You might remember the quotation from Jane Austen's Northanger Abbey: “It is only a novel... or, in short, only some work in which the greatest powers of the mind are displayed, in which the most thorough knowledge of human nature, the happiest delineation of its varieties, the liveliest effusions of wit and humour, are conveyed to the world in the best-chosen language.” Susan Higginbotham's Hanging Mary reminded me of that quotation, and even after I reviewed the novel in April, I couldn't get it off my mind, so I wrote about it some more, submitting a different commentary to The Christian Review, "Part of the Story: Justice, Love, and Loyalty in Hanging Mary":
Susan Higginbotham’s historical novel Hanging Mary is set in Washington, DC during the waning months of the Civil War. Two narrators, Mary Surratt, proprietor of a boarding house and Honora (Nora) Fitzpatrick, one of her boarders, tell the story of John Wilkes Booth’s conspiracy either to kidnap or murder Abraham Lincoln for the sake of the Confederacy—at least as much as they each know from interacting with Booth, Surratt’s son John, and other conspirators who visit the boarding house from the Autumn of 1864 to the Holy Week of 1865 (Lincoln was assassinated on April 14, Good Friday). . . .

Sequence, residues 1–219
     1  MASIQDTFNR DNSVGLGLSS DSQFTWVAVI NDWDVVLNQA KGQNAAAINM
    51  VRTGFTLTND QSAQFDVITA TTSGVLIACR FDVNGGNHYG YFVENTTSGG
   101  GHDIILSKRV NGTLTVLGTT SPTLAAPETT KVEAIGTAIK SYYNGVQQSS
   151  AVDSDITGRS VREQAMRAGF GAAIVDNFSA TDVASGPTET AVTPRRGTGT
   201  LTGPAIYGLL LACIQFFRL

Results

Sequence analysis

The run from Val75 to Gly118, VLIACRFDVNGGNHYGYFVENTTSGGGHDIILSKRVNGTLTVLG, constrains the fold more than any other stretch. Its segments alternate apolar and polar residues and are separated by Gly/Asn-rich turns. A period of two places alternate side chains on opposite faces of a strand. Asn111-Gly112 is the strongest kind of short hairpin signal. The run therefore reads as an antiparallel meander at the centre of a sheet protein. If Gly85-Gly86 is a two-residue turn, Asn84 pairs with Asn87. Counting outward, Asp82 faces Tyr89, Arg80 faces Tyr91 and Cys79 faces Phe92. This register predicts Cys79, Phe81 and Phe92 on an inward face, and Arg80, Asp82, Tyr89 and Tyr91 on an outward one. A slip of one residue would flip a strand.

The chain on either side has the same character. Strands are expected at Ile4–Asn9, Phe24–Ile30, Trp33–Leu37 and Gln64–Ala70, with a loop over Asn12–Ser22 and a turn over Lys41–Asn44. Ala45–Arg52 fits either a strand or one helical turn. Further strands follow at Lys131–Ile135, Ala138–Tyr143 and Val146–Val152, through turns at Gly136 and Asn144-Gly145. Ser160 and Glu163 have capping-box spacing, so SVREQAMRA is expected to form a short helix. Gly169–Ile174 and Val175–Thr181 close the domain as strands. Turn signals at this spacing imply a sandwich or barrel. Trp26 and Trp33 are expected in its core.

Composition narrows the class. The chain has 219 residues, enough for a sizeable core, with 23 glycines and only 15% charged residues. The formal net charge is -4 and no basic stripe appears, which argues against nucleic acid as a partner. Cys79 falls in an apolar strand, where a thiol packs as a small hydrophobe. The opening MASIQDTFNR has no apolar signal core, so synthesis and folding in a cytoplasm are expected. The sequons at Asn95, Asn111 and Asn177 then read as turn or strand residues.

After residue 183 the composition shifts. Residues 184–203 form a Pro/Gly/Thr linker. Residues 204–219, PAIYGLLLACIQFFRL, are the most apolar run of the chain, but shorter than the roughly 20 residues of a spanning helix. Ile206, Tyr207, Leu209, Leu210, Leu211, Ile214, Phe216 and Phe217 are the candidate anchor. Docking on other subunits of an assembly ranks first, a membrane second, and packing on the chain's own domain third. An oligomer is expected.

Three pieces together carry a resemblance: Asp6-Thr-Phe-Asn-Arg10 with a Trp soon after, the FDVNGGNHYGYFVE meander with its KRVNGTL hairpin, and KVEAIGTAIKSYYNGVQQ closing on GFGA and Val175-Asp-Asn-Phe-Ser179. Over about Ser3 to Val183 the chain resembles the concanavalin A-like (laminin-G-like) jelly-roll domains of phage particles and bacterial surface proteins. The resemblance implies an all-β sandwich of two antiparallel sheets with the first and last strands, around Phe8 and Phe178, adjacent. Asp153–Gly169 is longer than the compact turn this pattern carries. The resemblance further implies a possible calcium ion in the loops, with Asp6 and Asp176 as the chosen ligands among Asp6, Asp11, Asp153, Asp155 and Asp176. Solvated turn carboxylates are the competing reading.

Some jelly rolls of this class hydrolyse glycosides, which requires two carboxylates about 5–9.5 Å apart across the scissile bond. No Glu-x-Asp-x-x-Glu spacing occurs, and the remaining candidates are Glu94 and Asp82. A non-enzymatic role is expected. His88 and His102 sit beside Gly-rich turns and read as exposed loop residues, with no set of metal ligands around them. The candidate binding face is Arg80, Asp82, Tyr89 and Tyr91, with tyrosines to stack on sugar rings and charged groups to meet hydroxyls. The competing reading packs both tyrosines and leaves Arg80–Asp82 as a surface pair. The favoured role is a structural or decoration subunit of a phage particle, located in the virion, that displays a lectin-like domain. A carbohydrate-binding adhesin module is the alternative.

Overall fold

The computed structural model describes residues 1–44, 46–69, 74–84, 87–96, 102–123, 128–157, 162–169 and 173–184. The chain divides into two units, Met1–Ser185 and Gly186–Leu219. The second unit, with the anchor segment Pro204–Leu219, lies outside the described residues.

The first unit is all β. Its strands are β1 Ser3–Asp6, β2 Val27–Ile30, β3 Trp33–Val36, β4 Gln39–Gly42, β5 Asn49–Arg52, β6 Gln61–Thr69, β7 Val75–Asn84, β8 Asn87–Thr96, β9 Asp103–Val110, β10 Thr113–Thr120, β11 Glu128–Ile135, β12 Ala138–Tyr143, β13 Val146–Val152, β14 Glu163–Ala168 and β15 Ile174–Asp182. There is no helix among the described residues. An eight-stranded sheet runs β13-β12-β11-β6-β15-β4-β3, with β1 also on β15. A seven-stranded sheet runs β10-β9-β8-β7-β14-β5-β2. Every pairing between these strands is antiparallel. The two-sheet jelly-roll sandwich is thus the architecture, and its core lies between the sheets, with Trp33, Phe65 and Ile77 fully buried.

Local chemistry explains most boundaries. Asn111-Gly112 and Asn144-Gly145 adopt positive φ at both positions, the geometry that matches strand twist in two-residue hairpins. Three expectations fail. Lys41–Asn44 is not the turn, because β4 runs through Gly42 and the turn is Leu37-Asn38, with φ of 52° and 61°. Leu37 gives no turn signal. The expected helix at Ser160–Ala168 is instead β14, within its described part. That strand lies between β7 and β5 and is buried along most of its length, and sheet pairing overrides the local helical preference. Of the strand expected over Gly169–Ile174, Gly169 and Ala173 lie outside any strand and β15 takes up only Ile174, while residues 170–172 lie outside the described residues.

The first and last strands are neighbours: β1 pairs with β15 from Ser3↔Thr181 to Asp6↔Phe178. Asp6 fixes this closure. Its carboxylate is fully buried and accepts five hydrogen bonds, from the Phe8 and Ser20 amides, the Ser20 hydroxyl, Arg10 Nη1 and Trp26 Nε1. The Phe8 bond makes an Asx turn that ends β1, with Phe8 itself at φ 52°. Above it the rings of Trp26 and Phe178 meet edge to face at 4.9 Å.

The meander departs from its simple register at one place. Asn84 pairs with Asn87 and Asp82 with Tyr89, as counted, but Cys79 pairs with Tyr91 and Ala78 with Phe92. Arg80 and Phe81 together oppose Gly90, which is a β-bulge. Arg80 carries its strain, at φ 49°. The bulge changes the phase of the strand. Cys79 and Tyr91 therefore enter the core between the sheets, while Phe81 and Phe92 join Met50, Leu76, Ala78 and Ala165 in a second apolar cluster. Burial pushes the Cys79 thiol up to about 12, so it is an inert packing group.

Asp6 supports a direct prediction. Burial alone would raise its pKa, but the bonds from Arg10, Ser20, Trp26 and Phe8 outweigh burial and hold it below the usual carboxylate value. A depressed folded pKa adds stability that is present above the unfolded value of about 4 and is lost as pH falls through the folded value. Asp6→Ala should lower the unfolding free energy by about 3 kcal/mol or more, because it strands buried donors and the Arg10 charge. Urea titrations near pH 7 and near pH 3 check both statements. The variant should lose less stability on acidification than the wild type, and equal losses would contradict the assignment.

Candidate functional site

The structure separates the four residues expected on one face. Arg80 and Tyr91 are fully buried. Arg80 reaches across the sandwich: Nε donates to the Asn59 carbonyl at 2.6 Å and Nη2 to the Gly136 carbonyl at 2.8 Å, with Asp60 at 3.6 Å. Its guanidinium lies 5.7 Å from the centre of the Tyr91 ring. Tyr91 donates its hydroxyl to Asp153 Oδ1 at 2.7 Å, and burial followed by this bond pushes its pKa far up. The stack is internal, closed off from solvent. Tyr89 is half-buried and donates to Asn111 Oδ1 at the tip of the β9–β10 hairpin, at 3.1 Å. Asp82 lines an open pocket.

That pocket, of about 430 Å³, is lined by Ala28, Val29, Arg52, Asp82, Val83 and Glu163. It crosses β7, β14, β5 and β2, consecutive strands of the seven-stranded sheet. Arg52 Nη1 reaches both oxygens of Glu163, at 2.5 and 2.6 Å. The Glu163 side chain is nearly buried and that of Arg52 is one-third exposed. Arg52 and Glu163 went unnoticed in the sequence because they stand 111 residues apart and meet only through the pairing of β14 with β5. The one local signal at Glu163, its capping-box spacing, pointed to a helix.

Hanging Mary brings up several moral issues. One issue is whether it is just for U.S. civilians to be tried in a military tribunal without recourse to the protections of civilian courts—a question resolved in 1866 by the U.S. Supreme Court: no, it is not ( Ex parte Milligan ).
The web of conspiracy at the Surratt household brings up other tests of love and loyalty. The genre of historical fiction and the narrative structure of this novel foster meditation on the virtues of justice, love, and loyalty. The reader becomes the judge, weighing the evidence: whose love and loyalty are well-placed and whose are not?
Read the rest there.